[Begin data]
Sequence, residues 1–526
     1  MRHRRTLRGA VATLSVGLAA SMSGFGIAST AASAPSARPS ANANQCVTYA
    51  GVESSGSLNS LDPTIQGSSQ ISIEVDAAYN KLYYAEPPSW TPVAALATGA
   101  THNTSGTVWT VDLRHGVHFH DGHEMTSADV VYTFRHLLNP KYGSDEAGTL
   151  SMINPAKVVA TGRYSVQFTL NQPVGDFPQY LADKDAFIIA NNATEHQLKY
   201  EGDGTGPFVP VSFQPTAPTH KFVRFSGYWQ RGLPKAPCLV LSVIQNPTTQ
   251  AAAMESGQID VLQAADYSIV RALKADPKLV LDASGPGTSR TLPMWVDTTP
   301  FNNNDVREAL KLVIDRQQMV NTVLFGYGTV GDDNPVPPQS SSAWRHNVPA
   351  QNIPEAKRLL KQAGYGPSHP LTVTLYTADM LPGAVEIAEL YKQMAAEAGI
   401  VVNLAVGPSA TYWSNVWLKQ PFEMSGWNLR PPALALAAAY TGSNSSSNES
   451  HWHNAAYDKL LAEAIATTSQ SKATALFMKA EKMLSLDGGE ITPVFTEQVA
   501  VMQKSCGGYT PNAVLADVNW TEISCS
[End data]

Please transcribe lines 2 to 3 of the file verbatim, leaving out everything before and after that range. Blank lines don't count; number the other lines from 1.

     1  MRHRRTLRGA VATLSVGLAA SMSGFGIAST AASAPSARPS ANANQCVTYA
    51  GVESSGSLNS LDPTIQGSSQ ISIEVDAAYN KLYYAEPPSW TPVAALATGA